Suspect in kidnapping has record

Man wanted in Timonium assault on couple was charged in armed carjacking last year

October 17, 2008|By Nick Madigan | Nick Madigan,nick.madigan@baltsun.com

An 18-year-old man being sought in the carjacking and kidnapping a week ago of two teenagers in Timonium has, in the past year, been accused of committing crimes on three other occasions - one of them an armed carjacking that resulted in 16 charges against him, court records show.

Baltimore County police issued a warrant for the arrest of Brian Tyrone Scott, of the 800 block of Pontiac Ave. in Baltimore's Brooklyn neighborhood. He is believed to be one of two men who approached an occupied car parked last Friday at a light rail station on Deereco Road and commandeered it at gunpoint, its two young occupants - a man and a woman - still inside, according to police.

At some point during their ordeal, the woman was sexually assaulted, and both were later released in the Cherry Hill neighborhood of Baltimore, police said. Investigators have not yet identified the man who they say accompanied Scott.

Scott was not prosecuted on any of 16 charges resulting from the Oct. 27, 2007, armed carjacking of a Honda Accord outside Harbor Hospital in Baltimore. Court records say that he and another man approached a doctor from Miami and, identifying themselves as police officers, demanded her keys. Scott, the documents say, displayed a handgun in his waistband before both men fled in the woman's car.

The doctor, after leaving town, did not respond to calls or letters from authorities in Baltimore, leaving prosecutors without a case to pursue, Margaret Burns, a spokeswoman for the State's Attorney's Office, said yesterday.

Scott did, however, plead guilty to attempted robbery of a woman's car keys in an incident that occurred the next day at the same location on South Hanover Street. Two other charges were dropped.

Scott, who was arrested near the hospital, was jailed for more than seven months while his case was adjudicated, and was eventually sentenced to time served and 100 hours of community service.

While he was in jail, Scott was interviewed at length by Patricia J. Lackey, a psychologist, who filed an evaluation in March for the Circuit Court. In the document, she recounts that Scott was born and raised in Baltimore by his mother, a daycare worker, and his stepfather. In school, Scott went as far as the 11th grade, when he was "taken off the roll for cutting" classes.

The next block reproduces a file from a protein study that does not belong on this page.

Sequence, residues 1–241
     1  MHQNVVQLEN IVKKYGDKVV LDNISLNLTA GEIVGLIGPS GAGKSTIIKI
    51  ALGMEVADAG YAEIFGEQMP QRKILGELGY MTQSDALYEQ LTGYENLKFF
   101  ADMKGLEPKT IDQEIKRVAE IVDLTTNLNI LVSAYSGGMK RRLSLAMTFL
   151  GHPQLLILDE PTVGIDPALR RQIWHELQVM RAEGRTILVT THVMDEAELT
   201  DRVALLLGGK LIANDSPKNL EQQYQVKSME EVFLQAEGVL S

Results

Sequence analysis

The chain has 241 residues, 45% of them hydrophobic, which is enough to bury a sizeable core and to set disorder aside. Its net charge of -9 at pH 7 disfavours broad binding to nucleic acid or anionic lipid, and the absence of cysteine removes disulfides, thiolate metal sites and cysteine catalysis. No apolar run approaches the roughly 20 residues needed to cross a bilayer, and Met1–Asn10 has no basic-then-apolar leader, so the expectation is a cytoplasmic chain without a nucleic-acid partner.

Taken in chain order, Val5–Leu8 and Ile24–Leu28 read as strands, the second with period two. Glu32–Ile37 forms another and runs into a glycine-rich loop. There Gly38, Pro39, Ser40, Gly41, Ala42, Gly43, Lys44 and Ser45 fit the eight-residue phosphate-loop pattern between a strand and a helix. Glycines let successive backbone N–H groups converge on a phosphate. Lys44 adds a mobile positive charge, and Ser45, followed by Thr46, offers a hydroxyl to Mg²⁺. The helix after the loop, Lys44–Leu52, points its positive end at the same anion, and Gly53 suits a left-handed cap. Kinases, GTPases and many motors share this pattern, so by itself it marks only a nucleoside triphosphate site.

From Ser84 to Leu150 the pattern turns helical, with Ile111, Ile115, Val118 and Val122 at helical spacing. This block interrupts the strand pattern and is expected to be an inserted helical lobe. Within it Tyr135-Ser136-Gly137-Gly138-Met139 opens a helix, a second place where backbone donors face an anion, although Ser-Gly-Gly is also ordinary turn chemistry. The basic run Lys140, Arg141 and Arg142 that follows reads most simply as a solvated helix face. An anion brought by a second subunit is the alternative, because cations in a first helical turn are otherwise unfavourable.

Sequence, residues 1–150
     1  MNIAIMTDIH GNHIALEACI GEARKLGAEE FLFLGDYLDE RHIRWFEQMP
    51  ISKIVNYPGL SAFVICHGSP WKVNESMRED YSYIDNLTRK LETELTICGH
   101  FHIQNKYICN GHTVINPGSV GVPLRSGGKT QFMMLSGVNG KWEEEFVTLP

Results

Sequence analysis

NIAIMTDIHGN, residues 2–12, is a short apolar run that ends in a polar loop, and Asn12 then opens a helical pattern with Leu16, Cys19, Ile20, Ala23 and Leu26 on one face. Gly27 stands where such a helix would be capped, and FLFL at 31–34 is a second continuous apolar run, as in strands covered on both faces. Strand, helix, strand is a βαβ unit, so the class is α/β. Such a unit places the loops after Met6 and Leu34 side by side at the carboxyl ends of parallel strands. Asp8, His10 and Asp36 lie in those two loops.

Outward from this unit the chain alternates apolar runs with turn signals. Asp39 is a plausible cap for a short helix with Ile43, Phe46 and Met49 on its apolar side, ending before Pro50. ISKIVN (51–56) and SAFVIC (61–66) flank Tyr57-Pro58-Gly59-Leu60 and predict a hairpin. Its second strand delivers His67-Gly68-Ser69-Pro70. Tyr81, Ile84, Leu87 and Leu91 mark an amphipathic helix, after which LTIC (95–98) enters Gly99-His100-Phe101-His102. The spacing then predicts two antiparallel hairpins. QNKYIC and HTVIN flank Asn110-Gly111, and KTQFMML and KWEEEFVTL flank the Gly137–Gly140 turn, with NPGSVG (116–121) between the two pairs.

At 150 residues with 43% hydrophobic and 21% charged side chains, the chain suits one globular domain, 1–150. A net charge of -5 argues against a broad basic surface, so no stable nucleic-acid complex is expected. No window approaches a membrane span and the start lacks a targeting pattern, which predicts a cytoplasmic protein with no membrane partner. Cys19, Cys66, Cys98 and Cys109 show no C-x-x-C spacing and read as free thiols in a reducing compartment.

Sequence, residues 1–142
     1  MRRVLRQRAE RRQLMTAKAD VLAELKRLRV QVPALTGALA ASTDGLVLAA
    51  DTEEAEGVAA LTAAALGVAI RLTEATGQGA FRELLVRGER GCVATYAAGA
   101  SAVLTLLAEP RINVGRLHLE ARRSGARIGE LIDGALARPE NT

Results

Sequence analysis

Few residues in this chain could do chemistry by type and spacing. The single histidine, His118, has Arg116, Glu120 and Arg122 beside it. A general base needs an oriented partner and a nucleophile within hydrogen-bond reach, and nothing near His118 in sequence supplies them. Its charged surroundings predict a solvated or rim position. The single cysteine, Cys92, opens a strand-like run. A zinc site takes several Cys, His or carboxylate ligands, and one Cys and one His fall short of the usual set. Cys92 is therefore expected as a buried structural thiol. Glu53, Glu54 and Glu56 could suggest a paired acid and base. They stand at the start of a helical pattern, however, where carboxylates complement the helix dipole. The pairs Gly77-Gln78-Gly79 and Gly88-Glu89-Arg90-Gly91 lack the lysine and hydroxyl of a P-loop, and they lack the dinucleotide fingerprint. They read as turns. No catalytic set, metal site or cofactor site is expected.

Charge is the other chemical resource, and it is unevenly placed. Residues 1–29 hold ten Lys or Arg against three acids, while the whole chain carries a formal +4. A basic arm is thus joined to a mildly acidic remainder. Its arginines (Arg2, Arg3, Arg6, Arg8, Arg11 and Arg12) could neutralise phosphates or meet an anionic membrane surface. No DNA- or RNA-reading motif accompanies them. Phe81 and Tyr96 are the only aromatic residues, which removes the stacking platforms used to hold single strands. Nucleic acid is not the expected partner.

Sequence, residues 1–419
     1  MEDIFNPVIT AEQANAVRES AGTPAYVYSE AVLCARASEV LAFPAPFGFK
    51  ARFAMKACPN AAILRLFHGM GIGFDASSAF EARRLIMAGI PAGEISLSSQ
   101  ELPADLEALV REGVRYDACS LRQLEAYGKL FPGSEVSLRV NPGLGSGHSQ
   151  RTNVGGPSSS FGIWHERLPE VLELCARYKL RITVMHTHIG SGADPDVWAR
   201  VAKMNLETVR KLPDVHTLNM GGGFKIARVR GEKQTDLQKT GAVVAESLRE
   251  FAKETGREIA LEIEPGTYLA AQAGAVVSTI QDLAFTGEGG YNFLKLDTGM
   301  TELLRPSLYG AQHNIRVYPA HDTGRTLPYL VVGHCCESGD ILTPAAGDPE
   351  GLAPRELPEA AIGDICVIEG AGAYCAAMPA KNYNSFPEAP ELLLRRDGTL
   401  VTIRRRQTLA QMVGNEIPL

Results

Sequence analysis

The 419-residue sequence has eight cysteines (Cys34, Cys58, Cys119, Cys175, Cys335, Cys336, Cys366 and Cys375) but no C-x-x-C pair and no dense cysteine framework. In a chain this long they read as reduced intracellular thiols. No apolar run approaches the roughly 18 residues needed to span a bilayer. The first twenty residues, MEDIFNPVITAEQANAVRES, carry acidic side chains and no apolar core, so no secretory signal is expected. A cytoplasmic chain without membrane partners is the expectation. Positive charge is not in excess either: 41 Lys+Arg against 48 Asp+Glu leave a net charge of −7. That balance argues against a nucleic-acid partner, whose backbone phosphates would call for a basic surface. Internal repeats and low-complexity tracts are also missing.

Nevertheless, Scott told Lackey that he "would like to go to college to become a lawyer," her report says. Scott, she wrote, "had just interviewed at the airport to work in a candy store prior to his arrest."

He said he liked writing poetry, and described himself as a loner. "I'd rather be by myself," he told Lackey. "It keeps me out of trouble."

But the psychologist pointed out in her report that Scott had been charged with drug offenses in August 2006 and October 2006 - charges that were later dropped. In July 2007, she noted, he received probation on charges of theft, malicious destruction and fleeing and speed violations.

Scott told Lackey that he had used his time in jail "to think about what I needed to do to turn myself around."

After being released, court records show, Scott was charged in another crime, on July 9 this year on South Curley Street in Baltimore, when a man was robbed by three individuals of a cell phone and a wallet containing cash and credit cards. The five charges against Scott, which included armed robbery and assault, were dropped when the victim was unable to identify him.

In the latest incident, Cpl. Michael Hill of the Baltimore County Police Department said investigators reviewed surveillance video of the Timonium light rail station taken at the time of the abduction of the teenagers, but he would not comment on whether the video helped police identify Scott as a suspect.

Anyone with information about Scott or the crime is asked to call county police at 410-307-2020 or Metro Crime Stoppers at 1-866-756-2587.

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